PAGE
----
Coronary Interventions – a subspecialty that involves using non-surgical approach to treat narrowing of arteries of the heart found in coronary artery disease. (Photo: A close-up on narrowed artery)
By Dr Muhammad Bin Idu Jion, Consultant, Department of Cardiology, National Heart Centre SingaporeWhile many people with coronary artery disease can manage the disease with lifestyle changes and medications, others with severe conditions may need interventions such as coronary angioplasty to improve the health of the heart and blood vessels.Cardiovascular disease encompasses ischaemic heart disease and cerebrovascular disease (stroke) and is a leading cause of mortality globally which accounts for up to 32% of all deaths. In Singapore, ischaemic heart disease is the third most common cause of death and hospitalisation.
Ischaemic heart disease occurs due to a build-up of plaque in the heart arteries (coronary artery disease), and the risk increases with age and presence of other chronic diseases such as diabetes, hypertension and dyslipidaemia (abnormal levels of lipids in blood), or other risk factors such as smoking, a sedentary lifestyle and a family history of myocardial infarction (heart attack).Symptoms of ischaemic heart disease can present in several ways. Patients may present with an insidious onset of chest pain or breathlessness which occurs on exertion, termed stable angina, or they may present with heart failure signs and symptoms such as breathlessness on exertion or on lying flat, and water retention in the lungs and the lower limbs. Ischaemic heart disease can also present suddenly as an acute coronary syndrome, which range from unstable angina, nonST elevation myocardial infarction (NSTEMI) and ST-elevation myocardial infarction (STEMI). Acute coronary syndrome carries an average threemonth mortality rate of 5%. Patients with acute coronary syndrome may present with sudden or worsening chest pains and need to be hospitalised for treatment with medications such as antiplatelets, anticoagulants and statins, and undergo coronary evaluation and revascularisation if suitable. NHCS sees about 1,000 hospitalisations for acute coronary syndrome in a year that require coronary angiography for detecting narrowing in the arteries in the heart or angioplasty (minimally invasive, nonsurgical procedure for opening narrowed arteries).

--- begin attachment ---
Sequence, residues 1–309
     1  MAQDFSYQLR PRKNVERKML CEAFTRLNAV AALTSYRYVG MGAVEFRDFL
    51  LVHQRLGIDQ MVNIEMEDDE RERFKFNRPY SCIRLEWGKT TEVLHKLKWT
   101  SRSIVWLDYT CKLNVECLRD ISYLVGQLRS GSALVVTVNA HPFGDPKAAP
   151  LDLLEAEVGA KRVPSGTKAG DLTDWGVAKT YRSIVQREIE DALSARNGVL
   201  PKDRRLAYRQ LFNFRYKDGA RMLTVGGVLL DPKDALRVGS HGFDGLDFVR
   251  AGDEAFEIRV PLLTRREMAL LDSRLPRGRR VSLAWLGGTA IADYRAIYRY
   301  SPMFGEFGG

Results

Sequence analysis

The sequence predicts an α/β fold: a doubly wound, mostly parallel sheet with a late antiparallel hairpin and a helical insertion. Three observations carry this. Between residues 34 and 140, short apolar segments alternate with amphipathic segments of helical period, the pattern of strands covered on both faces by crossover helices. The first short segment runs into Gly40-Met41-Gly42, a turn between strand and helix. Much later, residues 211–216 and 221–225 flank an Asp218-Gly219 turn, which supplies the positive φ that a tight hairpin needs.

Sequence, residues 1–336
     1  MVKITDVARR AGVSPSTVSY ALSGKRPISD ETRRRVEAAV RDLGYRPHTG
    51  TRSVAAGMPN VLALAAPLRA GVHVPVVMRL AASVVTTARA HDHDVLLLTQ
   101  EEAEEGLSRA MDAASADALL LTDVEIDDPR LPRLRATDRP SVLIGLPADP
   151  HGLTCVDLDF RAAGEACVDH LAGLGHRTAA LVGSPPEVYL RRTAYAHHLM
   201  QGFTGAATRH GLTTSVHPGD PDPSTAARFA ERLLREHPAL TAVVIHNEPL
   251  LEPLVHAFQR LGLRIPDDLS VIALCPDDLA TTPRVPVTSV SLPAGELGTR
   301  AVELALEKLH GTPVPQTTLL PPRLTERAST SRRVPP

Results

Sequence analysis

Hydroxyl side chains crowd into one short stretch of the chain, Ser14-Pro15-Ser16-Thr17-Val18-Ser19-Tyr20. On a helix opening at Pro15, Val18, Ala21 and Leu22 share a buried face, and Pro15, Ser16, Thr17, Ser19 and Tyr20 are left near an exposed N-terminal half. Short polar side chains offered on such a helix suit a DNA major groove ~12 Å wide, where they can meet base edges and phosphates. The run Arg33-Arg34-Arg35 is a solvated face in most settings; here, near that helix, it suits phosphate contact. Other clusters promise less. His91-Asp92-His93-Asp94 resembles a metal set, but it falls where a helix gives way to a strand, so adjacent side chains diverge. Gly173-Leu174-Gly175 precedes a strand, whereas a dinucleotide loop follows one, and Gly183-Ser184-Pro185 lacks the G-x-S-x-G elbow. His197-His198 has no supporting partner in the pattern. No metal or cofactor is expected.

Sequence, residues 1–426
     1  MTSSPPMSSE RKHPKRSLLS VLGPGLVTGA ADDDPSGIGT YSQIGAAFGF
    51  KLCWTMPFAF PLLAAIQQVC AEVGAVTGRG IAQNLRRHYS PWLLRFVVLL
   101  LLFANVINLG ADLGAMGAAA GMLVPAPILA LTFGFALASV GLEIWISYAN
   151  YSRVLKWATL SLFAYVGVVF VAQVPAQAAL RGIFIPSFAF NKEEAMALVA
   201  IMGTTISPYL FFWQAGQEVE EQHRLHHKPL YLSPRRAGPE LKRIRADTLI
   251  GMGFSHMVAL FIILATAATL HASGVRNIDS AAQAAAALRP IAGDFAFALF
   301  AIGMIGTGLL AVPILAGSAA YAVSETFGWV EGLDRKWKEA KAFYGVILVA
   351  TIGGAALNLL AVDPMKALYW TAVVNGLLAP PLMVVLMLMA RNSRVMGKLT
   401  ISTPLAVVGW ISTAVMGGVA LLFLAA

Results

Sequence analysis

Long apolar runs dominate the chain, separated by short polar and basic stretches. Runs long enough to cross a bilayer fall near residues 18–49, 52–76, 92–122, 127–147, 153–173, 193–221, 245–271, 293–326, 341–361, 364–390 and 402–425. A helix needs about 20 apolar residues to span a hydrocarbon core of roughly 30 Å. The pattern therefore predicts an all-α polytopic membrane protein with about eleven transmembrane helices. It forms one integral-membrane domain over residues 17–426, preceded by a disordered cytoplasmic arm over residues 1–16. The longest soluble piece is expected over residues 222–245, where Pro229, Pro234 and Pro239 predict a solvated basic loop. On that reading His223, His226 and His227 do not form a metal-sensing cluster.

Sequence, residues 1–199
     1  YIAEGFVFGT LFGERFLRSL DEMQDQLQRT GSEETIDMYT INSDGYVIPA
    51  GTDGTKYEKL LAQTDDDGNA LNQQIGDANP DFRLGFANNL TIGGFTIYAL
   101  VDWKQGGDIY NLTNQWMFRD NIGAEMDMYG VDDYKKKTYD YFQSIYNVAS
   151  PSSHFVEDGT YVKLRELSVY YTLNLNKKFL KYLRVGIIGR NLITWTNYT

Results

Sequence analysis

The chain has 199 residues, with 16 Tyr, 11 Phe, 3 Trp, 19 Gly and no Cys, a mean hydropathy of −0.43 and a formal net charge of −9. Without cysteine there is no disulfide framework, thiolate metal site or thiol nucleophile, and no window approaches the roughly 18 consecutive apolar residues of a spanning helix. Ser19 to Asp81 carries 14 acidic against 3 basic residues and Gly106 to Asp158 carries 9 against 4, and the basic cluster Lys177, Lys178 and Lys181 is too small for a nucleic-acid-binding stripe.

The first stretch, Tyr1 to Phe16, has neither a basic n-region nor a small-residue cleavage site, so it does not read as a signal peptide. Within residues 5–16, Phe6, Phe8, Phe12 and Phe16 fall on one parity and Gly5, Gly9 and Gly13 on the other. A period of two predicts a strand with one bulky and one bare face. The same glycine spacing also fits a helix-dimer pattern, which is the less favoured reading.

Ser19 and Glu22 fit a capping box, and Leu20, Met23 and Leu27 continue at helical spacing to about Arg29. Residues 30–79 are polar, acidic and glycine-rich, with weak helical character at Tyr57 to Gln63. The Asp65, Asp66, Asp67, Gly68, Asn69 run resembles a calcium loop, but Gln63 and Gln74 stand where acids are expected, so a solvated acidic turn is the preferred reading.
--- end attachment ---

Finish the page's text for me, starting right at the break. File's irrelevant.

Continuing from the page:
A coronary angiography in progress.This article is from Murmurs Issue 34 (May – Aug 2019). Click here to read the full issue.
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